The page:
As the fighting continues unabated in Sri Lanka and the humanitarian situation deteriorates, calls for a truce between the Sri Lankan government and the Liberation Tigers of Tamil Eelam (LTTE) are growing.
Amnesty International has called upon both parties to the conflict to immediately declare a temporary humanitarian truce and create humanitarian corridors. This would allow more than quarter of a million trapped civilians to escape the ongoing war and also let food, water, and medical assistance reach those civilians who cannot leave.
The organization also demanded that the Sri Lankan government ensure that displaced people who have fled the conflict zone to transit centres do not face improper restriction on their movement and are kept safe.
Less than 10,000 people from the Wanni have sought shelter in government held areas since December. They are held in de facto detention centres, or so-called welfare villages and are vulnerable to abuses by government forces.
These camps are located at Kalimoddai and Sirukandal in Mannar district and Manik Farm and Nellumkulam in Vavuniya district. New camps are also being created in the Mannar, Vavuniya and Jaffna districts.
Although the government has allowed some displaced people out of these camps for education, livelihood and health purposes, they are required to leave a family member in the camp as a safeguard against them escaping. This policy violates the international legal prohibition of hostage taking.
While the International Committee of the Red Cross (ICRC) and the UN Refugee Agency (UNHCR) have been allowed limited access to the existing centres, the government has not allowed access to other humanitarian agencies .
“The most important issue right now is to focus on immediate unimpeded humanitarian assistance for those families trapped between the conflicting parties,” said Yolanda Foster, Amnesty International researcher on Sri Lanka. “The government wants international assistance but not international standards.”
Approximately 300,000 people are now trapped in the Wanni region, in a small pocket of land between the conflicting parties. These are families who have been living without adequate shelter and without sufficient food for months now. Civilians are totally dependent on food from the outside. The last shipment of food went into the area on 29 January but it is unclear whether it was fully distributed to all in need.
“The situation for civilians in the Wanni is unacceptable,” said Yolanda Foster. “People cannot move safely, even to collect the bodies of dead relatives, and the injured have no hospitals. A quarter of a million people are suffering without adequate food and shelter while shells rain down upon them. Most of those who have managed to escape the conflict have not received adequate hospital treatment.”
The last working hospital in the war zone has been closed. The hospital, in the town of Puthukkudiyiruppu, had to be evacuated on Tuesday after it was shelled.
The hospital had been subjected to several attacks before the evacuation. At least nine people were killed and 20 injured when it sustained three direct hits on Sunday. The hospital was hit a fourth time on Monday evening.
“If the hospital was deliberately targeted by either the government or the LTTE, it would constitute a war crime,” said Yolanda Foster. “If the hospital was struck in the course of a disproportionate or an indiscriminate attack by either party, this would also constitute a war crime . Amnesty International reiterates its call on both the Sri Lankan and LTTE forces to respect international humanitarian law.”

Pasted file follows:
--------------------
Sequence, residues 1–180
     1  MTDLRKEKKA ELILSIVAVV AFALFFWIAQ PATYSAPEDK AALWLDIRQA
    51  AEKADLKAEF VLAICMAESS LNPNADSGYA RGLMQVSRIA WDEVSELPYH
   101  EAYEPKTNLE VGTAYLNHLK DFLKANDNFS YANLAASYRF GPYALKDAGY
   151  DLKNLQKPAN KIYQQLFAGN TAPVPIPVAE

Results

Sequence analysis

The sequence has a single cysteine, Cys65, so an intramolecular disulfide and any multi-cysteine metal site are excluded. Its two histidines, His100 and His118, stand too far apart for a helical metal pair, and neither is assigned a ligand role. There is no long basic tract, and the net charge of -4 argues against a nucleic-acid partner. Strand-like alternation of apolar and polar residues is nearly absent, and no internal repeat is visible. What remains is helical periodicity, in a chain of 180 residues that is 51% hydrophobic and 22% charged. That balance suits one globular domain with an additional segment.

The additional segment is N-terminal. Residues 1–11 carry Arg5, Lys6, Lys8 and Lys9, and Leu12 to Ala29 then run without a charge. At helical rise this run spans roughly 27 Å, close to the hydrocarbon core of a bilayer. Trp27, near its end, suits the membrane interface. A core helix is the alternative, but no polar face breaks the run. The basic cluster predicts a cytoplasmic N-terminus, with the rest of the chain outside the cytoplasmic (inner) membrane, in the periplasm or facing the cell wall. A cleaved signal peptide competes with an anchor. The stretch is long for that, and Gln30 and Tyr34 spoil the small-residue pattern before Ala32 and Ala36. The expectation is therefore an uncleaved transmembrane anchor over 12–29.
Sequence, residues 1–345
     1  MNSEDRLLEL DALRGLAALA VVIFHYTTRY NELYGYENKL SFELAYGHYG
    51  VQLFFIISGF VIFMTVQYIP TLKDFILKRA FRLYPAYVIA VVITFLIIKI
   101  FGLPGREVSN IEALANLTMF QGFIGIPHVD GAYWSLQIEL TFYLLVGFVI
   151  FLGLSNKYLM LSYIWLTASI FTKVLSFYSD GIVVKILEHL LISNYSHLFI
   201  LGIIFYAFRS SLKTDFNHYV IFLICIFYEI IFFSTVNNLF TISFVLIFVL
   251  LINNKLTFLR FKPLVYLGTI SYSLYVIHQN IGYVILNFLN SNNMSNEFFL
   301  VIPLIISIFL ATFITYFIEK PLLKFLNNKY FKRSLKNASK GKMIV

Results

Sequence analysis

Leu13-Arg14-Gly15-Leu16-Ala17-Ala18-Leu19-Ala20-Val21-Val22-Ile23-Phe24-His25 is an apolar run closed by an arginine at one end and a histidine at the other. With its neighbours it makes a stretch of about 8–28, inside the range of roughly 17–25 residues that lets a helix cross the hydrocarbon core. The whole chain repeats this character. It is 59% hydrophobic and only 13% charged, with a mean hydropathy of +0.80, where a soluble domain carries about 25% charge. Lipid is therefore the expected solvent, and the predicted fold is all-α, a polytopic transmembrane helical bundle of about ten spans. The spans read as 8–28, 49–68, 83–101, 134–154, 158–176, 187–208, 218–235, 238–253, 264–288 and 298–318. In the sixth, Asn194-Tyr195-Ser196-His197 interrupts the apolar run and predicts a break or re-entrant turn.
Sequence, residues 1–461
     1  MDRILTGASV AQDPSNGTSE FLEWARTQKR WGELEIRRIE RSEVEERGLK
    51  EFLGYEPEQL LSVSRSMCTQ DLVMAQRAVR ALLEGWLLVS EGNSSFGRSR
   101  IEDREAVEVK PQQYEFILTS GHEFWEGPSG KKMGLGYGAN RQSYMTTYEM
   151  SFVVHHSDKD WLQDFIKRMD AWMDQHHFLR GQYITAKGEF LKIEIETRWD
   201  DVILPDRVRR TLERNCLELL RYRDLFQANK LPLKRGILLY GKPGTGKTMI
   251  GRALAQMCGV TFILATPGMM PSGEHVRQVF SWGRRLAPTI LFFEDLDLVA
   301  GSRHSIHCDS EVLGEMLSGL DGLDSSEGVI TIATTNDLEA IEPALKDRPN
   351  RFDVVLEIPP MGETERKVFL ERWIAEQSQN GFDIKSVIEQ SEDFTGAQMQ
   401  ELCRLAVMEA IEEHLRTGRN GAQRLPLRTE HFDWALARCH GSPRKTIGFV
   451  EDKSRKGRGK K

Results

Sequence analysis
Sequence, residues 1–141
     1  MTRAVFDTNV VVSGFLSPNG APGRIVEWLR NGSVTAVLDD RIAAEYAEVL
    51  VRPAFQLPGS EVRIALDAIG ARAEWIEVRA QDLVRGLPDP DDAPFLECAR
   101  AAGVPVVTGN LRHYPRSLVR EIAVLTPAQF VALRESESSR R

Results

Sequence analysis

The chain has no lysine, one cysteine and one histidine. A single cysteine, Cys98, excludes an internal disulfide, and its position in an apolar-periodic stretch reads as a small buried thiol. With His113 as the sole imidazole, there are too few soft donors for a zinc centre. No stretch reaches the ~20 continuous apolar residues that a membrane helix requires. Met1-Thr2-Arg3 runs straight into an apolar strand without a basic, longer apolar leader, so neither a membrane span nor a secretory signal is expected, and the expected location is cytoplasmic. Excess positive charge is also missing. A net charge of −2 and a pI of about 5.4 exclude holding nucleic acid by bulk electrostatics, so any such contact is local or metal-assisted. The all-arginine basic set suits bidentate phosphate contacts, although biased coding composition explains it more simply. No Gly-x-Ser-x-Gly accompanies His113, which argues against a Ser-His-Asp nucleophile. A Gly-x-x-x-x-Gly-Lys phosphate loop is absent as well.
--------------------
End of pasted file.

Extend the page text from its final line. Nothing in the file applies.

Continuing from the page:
Both the main parties to the conflict have terrible human rights records. The LTTE have recruited children in the past. They have a history of silencing dissent in areas under their control and they have sent civilians to dig bunkers and work at the front lines.
“Life for civilians living in Tamil Tiger areas has been extremely difficult,” said Yolanda Foster “The Tamil Tigers have wanted to raise money so they’ve imposed a tax on individual families. There was a policy of one child per family to be given to the Tigers. I’ve interviewed mothers who have lost not only one child but even two children to the Tigers. It’s also been very difficult for anybody to set up an independent radio or have any opinions other than the official LTTE voice.”
The government has directly and indirectly been involved in disappearances, extrajudicial killings, and explicit intimidation of critics. They have also silenced dissent in the south of the country to crush critical voices.
Since 2006, 14 journalists have been killed in Sri Lanka. And there has been a consistent campaign to silence any critical voices. It’s clear from the way in which the government has intimidated editors, like requesting that newspapers don’t cover particular stories such as the humanitarian crisis, that there has been a concerted campaign to silence the media.
There has been no proper accountability for the killings that have happened in the last two years, so there is impunity for the perpetrators. Earlier this year a well-known editor of the Sunday Leader newspaper, Lasantha Wickramatunge, was assassinated in Colombo. Most journalists do not believe there will be a proper investigation into his killing.
“One of the real concerns is that this is a war without witnesses,” said Yolanda Foster. “We just don’t know what’s been happening in the last few weeks in Sri Lanka. But the few remaining aid organizations on the ground have reported that there have been several hundred casualties in the last few weeks alone.
“The minimal information about incidents of causalities show the dire need for international, independent monitors to be deployed as a matter of urgency. The Sri Lankan government and the LTTE should allow access to such monitors without delay.”